Prof. Dr. Sara Irina Fabrikant
2015 - 2019
Digital assistants such as smartphones support people’s everyday decision-making processes. For instance, digital maps have become an integral part of our navigation behavior and enable pathfinding even in unfamiliar locations. However, these services also influence our cognitive skills and the extent to which we perceive our environment.
With their increasing societal relevance and importance, empirical evidence on the utility and usefulness of digital maps and other visuo-spatial displays is needed. Building on previous own work, this project’s aim was to investigate what information people perceive from visuo-spatial displays in stressful and emotionally charged situations.
Appropriate decisions with smart visual interfaces depend on:
- Display design
- Human background and training
- Use context
One part of the project develops and evaluates time-critical navigation situations in a virtual city.
Emotionally charged and stressful path-finding and navigation situations have been analyzed:
- in a controlled lab setting (VR CAVE)
- using electrodermal data collection and analysis
A second part of the project assesses assisted navigation situations in the real world and spatial learning.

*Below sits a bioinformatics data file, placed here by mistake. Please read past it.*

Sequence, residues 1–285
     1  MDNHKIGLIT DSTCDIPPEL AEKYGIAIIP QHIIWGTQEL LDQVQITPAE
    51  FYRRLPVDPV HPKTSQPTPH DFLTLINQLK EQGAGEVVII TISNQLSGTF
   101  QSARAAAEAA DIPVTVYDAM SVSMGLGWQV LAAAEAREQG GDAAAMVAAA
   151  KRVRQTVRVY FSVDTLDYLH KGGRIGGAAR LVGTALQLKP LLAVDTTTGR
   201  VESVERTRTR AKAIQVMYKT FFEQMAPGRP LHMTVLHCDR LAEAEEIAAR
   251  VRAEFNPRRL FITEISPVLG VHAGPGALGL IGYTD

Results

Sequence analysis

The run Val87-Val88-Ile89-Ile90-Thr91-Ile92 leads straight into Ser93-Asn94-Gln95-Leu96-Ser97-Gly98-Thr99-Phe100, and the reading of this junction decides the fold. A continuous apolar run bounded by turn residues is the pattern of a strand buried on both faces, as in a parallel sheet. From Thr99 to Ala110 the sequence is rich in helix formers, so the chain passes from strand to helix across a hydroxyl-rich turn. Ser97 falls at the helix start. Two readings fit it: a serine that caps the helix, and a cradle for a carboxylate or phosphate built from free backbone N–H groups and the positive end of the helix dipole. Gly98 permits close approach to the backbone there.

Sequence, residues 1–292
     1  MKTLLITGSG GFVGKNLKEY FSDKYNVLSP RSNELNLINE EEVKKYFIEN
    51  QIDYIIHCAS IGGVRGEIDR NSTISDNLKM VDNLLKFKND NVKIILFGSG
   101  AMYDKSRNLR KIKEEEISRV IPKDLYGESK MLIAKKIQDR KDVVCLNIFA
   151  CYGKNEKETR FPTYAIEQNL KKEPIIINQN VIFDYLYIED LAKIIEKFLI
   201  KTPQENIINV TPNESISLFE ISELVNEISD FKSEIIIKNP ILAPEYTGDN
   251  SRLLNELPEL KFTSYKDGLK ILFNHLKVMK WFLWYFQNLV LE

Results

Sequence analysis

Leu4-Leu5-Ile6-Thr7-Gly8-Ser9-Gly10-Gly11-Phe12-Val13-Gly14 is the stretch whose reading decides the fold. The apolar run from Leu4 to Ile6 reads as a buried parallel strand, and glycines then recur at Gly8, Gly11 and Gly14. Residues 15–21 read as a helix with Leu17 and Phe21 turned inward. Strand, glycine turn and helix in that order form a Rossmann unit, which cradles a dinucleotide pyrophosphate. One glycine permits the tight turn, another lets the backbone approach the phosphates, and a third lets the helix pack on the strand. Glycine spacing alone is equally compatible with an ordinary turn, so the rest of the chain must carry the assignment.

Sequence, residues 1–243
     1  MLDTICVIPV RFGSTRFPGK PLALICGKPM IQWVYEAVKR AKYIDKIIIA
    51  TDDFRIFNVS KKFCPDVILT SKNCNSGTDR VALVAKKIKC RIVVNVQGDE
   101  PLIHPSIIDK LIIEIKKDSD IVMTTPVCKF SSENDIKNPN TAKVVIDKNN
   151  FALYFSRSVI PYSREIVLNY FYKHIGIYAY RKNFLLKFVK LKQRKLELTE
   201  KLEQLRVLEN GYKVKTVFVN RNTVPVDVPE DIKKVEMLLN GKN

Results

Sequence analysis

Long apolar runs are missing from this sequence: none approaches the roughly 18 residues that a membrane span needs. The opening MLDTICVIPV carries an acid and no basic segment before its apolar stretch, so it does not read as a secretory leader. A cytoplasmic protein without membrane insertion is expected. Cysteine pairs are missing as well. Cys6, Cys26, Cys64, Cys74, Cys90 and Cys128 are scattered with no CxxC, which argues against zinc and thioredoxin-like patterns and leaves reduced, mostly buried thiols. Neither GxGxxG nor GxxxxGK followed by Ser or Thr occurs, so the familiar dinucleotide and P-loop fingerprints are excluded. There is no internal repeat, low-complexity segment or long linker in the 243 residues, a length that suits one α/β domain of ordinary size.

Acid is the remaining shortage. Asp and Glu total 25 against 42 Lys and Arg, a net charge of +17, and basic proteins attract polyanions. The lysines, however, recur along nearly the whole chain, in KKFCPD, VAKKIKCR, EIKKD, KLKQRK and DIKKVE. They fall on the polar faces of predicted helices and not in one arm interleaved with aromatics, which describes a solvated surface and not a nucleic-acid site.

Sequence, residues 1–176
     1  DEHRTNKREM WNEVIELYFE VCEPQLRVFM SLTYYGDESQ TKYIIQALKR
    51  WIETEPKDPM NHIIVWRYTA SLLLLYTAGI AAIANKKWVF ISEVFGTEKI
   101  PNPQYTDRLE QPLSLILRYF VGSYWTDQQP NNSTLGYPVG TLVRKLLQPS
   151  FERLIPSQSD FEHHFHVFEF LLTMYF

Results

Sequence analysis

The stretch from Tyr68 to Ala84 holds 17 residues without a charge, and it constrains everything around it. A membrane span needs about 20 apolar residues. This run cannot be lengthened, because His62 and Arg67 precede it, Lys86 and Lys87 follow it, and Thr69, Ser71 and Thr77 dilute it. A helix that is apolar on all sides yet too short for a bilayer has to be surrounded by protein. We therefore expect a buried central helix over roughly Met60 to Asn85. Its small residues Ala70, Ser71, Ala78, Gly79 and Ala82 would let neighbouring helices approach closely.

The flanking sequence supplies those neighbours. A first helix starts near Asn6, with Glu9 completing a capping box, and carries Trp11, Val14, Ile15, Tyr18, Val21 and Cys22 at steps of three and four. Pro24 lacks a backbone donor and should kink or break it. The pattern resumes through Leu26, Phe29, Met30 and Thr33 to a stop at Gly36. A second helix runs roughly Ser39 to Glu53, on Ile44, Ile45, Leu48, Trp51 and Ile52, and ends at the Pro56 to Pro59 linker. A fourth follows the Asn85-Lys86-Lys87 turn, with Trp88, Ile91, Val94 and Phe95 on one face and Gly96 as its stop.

Human navigation in a real-world context has been studied in situ by…
- analyzing assisted ambulatory decision-making
- tracking human–mobile map–environment interactions
- applying mobile eye-tracking methods
- Identify characteristics of users’ navigation decisions with visual displays in stressful emotional contexts and under uncertainty.
- Develop design guidelines for the creation of affectively responsive visual displays for more effective and efficient decision-making in stressful emotional contexts and under uncertainty.
- Implement smart future navigation systems that are designed to assist wayfinding and support their users in learning how to orient.